Imatges de pÓgina

that Moses, Samuel, or any of the holy Prophets, fell into any such trouble, when drawing near the gates of the grave; but the contrary. Old Jacob could say, with the greatest composure of mind, "I have waited for thy salvation, O God." And even Moses, who although he died in the wilderness, which he well knew was a punishment for his sin; yet when the Lord commanded him to go up and die in the mount, he does not appear, in the smallest degree, to be disturbed in his mind; but with ali possible readiness, obeyed the word of the Lord. And had Hezekiah been in the same state, he would doubtless have been affected in the same manner. But his peace seems to have been of that kind which every one has, till enlightened by the Divine Spirit. For although the Lord himself hath declared, "There is no peace to the wicked;" yet notwithstanding this, there are thousands now-a-days who are like minded with these in the time of Moses, who said, "We shall have peace, although we follow the imagination of our own hearts, to add drunkenness to thirst." Nothing is more common than for those who are living in the open violation of the laws of God, to hope against hope, and to believe in express contradiction to the whole Bible, that notwithstanding all their wickedness, the mercy of God shall be extended to then at one time or another. And it is no uncommon thing for those among this class of the ungodly, to quote the words of St. John, to quiet their consciences,-" Beloved, if our hearts condemn us not, then have we confidence towards God." Now, saith one, my heart does not condemn me, therefore I may have confidence towards God."-But these unhappy people must be told the reason why their hearts or their consciences do not condemn them, is, because their minds are blinded by the god of this world; and because their consciences are hardened by their long continued rebellion against God; and that it would be far happier for them if their consciences did condemn them, for then there would be some ground of hope concerning them; but while they continue in that benighted and spiritually dead state in which they are, there is no ground of hope.

at all.

[ocr errors]

There are many others, who not being openly wicked, but have endeavoured to live in a sober, regular, and in what some call, a religious way, are led to think that they have a peace of a far more excellent nature than the former, and are generally confident to a high degree, that they are the favourites of heaven, and God could hardly be just if he' did not reward them with eternal glory. And many.of


them will quote the words of holy Job, and say," Mỹ righteousness will I hold fast, and will not let it go, my heart shall not reproach me so long as I live." But these people should consider, that Job could also say, "I know that my Redeemer liveth." He knew his interest in the mercy and love of God, through Christ Jesus. But alas, they are entire strangers to every thing of the kind, and have been building all their hopes upon their own supposed goodness, and expecting salvation for the sake of their own righteousness. Now supposing these people to be as sincere and upright as ever Cornelius was, yet they cannot enjoy the peace of God in their present state, any more than he did. But if like him they are enquiring after God, then there is good reason to believe that the Lord will deal with them as he did with him, and bring them into his favour and family by one means or another. But if, on the contrary, as is too often the case, they are filled with high conceits of their own wisdom and holiness, are satisfied with their pre sent state, and vainly think that all is well with them, then we must say to them, in the word of the Lord, "Wo unto them that cover with a covering, but not of my Spirit, saith the Lord." "All ye that kindle a fire, and compass yourselves about with sparks, walk in the light of your fire, and in the sparks which you have kindled; but this shall ye have at my hand, saith the Lord, ye shall lie down in sorrow." How applicable are these awful words to those proud, vain, and self-righteous people, who are walking in that way which seemeth right to a man, but at the same time, it leadeth down to the chambers of death. And what makes their case much more dangerous is, many of those who ought to know better, will, like the false prophets of old, endeavour to persuade them all shall be well with them, and will cry, "peace, peace, when it is evident to every enlightened mind, that there is no peace. The God of love úses a great variety of means, in order to enlighten the minds, to awaken the consciences, and to tear away that false peace from these poor deluded souls. Sometimes he sends them heavy afflictions, and brings them down to the gates of death, as he did Hezekiah. "I will go and return to my place, (saith the Lord,) till they acknowledge their offence, and seek my face: in the time of their affliction they will seek me early." When the chastening hand of God is upon them, and to all appearance death is at the door, then it frequently happens that their false peace takes its everlasting flight, and they are left as wretched and miserable as Hezekiah was. Their consciences were fast asleep, and they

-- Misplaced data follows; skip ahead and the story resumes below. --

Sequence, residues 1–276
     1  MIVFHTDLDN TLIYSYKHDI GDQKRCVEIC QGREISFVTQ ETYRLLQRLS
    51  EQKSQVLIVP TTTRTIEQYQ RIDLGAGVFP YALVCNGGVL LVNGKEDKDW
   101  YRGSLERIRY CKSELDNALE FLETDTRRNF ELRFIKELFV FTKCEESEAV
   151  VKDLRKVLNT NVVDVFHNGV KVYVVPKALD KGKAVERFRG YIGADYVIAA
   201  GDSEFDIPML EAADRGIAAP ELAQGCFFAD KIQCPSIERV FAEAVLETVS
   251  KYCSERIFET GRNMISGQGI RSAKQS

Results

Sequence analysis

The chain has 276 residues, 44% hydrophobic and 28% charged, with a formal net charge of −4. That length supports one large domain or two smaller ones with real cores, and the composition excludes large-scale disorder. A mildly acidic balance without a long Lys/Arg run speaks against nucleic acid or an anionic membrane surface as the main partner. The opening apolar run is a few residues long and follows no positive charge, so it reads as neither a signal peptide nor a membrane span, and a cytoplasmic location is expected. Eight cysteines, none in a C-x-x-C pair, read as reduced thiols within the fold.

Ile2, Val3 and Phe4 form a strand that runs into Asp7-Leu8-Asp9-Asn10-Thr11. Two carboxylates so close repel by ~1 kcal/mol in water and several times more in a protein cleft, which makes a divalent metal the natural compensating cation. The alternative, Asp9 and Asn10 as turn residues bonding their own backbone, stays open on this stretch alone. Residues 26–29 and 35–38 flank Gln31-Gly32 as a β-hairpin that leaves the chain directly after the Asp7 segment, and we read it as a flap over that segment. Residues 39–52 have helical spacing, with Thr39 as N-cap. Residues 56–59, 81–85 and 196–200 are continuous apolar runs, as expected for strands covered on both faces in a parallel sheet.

were vainly dreaming of everlasting happiness, yet now they awake. and are made both to see and to feel, in such a manner as words cannot express, that they are what the word of God declares them to be; "wretched, and miserable, and poor, and blind, and naked." They begin to cry to the Lord in their trouble, and to seek for mercy and grace at his hand.

[ocr errors]

But the grand, and most effectual means which the Lord is pleased to make use of, for the removal of that false peace from the minds of men is, the preaching of his own word, by his faithful ministers. To enlighten the mind and awaken the conscience, is the first work of the Spirit of God. And as every real minister of Christ knows this, it will of course be his first concern, to bring all who attend upon his ministry to a due sense of their fallen and guilty condition; as he knows very well, that till this is done, all his labour must be in vain. A skilful husbandman will not think of sowing the seed till the ground is properly prepared to receive it. A wise builder will not attempt to lay the foundation of his building till the rubbish is cleared away, and he has got to a good sound bottom. No more will a faithful minister of Christ think of sowing the good seed of the kingdom, till the fallow ground of the heart is broken up. Nor will he begin to build for eternity, till the heart is truly penitent, and prepared to receive Christ, the only foundation upon which he may build his hope of present pardon and everlasting peace. This brings us to consider,